Plan to help military kids ease into new schools

Filed under: Work Life, Day Care & Education

For military families, packing up and moving is a way of life. For children in these families, that means changing schools an average of six to nine times between kindergarten and 12th grade. Those kids must not only adjust to constantly being the new kid, but for many of them, changing schools can mean losing the academic ground they may have gained in another state. For example, when Rear Adm. Len Hering, commander of the Navy's Southwest region, moved his family from Maryland to California, his son was forced to repeat physical education classes and enroll in state history classes in order to take his place in the senior class where he belonged. "He was denied AP Calculus and AP Chemistry. He took badminton with 9th graders and a third history course," Hering said.

The difficulty of uprooting children is cited as a major reason people leave active duty. Legislation is now being considered in Maryland and other states that would help ease the transition to new schools by directing states receiving military transfers to:
  • accept temporary transcripts for class placement until official records are received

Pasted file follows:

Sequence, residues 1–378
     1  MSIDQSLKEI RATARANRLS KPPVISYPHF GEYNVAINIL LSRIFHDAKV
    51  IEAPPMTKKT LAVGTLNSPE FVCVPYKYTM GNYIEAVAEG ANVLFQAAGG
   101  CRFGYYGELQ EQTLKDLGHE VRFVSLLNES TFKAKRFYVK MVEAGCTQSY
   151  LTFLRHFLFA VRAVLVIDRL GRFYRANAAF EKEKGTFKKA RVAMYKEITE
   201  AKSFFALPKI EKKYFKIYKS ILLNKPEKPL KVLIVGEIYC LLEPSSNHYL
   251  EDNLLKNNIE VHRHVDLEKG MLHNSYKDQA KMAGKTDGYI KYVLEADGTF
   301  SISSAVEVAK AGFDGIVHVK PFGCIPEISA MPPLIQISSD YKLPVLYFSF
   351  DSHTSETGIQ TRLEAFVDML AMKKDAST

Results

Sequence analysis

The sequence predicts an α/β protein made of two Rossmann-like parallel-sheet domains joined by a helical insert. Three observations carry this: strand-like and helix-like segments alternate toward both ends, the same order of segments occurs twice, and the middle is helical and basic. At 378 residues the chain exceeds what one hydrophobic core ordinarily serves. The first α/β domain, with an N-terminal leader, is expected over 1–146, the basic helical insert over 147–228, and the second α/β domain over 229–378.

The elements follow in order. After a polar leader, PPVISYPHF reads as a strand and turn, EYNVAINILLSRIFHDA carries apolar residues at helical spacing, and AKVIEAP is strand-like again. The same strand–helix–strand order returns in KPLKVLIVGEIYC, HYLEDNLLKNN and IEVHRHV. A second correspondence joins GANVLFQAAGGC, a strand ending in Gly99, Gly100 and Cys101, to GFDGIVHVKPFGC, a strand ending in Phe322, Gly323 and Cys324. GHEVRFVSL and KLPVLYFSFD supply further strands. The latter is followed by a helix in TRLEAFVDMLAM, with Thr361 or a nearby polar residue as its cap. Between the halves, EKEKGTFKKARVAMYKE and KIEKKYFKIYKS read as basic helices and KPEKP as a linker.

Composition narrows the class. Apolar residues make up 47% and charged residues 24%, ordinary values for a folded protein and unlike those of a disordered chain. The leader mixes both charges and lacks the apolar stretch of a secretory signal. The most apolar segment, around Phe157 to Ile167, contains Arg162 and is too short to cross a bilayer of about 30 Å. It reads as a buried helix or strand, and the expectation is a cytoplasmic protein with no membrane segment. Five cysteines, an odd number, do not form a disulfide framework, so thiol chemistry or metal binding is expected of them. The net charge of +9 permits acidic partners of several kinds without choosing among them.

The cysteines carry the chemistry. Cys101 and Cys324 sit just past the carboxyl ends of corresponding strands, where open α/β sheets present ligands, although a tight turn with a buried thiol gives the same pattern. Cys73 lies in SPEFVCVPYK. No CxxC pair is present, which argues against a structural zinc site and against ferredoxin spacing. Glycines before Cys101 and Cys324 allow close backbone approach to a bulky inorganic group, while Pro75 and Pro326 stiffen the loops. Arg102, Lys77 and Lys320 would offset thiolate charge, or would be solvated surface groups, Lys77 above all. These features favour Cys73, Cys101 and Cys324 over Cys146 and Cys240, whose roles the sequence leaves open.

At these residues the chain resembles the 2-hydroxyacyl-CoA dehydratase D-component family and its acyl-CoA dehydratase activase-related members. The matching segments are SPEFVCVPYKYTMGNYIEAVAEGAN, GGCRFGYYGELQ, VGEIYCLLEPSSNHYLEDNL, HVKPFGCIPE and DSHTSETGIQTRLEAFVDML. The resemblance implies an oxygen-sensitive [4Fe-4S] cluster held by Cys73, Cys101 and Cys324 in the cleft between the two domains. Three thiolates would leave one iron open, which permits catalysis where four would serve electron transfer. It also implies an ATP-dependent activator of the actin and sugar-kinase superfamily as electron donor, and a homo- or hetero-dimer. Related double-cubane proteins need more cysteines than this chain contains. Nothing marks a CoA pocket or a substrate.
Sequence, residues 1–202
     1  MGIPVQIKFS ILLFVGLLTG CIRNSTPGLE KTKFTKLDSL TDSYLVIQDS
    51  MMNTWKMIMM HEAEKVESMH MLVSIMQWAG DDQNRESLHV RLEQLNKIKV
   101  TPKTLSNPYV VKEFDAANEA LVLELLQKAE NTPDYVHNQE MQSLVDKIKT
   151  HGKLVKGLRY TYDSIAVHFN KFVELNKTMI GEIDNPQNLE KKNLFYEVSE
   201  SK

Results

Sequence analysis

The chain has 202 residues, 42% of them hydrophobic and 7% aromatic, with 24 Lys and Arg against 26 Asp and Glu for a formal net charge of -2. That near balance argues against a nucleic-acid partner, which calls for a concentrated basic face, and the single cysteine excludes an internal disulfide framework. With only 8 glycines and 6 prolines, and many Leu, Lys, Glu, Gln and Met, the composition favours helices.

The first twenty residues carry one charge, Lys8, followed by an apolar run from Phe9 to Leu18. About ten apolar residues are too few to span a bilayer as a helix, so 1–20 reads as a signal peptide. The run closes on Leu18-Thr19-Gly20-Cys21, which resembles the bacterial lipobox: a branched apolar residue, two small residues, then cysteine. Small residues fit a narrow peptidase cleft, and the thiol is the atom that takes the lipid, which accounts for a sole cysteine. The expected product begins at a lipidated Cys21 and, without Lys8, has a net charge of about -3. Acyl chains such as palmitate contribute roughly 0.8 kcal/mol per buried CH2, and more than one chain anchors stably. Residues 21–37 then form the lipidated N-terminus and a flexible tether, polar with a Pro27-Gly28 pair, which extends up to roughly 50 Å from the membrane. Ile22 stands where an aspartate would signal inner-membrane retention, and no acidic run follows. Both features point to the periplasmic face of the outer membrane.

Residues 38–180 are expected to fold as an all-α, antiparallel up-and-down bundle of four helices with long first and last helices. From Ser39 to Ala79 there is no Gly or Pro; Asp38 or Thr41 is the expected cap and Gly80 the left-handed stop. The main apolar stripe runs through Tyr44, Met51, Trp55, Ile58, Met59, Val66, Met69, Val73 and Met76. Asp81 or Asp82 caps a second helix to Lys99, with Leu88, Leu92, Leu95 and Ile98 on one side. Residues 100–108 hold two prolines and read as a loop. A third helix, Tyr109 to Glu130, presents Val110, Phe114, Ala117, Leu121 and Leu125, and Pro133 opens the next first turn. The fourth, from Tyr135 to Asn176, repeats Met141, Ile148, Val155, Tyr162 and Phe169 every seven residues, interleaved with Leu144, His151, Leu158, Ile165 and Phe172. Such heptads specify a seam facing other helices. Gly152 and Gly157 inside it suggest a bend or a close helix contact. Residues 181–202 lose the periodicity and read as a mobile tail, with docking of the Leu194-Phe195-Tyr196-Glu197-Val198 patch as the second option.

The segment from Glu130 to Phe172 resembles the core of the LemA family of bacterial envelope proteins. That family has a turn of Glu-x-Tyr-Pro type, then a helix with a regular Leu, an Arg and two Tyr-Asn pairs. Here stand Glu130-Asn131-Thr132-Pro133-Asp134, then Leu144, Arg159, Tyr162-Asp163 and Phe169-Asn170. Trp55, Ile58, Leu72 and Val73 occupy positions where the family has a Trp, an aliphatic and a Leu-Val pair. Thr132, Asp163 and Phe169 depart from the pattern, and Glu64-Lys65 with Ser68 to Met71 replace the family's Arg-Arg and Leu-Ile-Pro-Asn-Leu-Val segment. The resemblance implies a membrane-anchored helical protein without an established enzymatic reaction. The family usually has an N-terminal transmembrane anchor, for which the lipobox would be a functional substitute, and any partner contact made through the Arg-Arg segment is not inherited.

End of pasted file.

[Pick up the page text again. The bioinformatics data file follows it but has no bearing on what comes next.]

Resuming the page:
• allow a grace period for children to meet local vaccination requirements
  • honor memberships in honor societies
  • waive or allow substitutions for state-specific exit exams required for high school graduation
  • waive the requirement to take basic state history courses in every new state
Currently, there are at least 24 states considering some version of this agreement, which would take effect after 10 states approve it. And while educators are mostly behind the measure, there are some state officials who are worried about ceding state authority.

"There are 50 sets of requirements out there, and every state thinks theirs are the highest and the best, and they need to acknowledge they need to work for people serving our country," says William Harrison, superintendent of schools in Cumberland County, N.C.

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Start by teaching him that it is safe to do so.